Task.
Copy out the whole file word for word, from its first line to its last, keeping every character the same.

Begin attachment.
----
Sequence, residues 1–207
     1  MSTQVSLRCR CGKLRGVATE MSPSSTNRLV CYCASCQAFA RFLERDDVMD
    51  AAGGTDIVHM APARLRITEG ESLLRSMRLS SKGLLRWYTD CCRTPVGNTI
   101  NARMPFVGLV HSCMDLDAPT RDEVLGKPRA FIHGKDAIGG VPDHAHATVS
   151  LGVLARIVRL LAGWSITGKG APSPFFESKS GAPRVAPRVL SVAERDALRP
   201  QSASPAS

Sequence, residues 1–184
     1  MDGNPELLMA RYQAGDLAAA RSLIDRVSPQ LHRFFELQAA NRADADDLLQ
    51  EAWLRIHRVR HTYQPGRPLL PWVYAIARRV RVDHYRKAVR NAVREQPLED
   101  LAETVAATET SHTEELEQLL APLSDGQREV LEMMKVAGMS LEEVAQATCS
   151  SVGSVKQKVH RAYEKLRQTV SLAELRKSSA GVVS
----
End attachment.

Sequence, residues 1–207
     1  MSTQVSLRCR CGKLRGVATE MSPSSTNRLV CYCASCQAFA RFLERDDVMD
    51  AAGGTDIVHM APARLRITEG ESLLRSMRLS SKGLLRWYTD CCRTPVGNTI
   101  NARMPFVGLV HSCMDLDAPT RDEVLGKPRA FIHGKDAIGG VPDHAHATVS
   151  LGVLARIVRL LAGWSITGKG APSPFFESKS GAPRVAPRVL SVAERDALRP
   201  QSASPAS

Sequence, residues 1–184
     1  MDGNPELLMA RYQAGDLAAA RSLIDRVSPQ LHRFFELQAA NRADADDLLQ
    51  EAWLRIHRVR HTYQPGRPLL PWVYAIARRV RVDHYRKAVR NAVREQPLED
   101  LAETVAATET SHTEELEQLL APLSDGQREV LEMMKVAGMS LEEVAQATCS
   151  SVGSVKQKVH RAYEKLRQTV SLAELRKSSA GVVS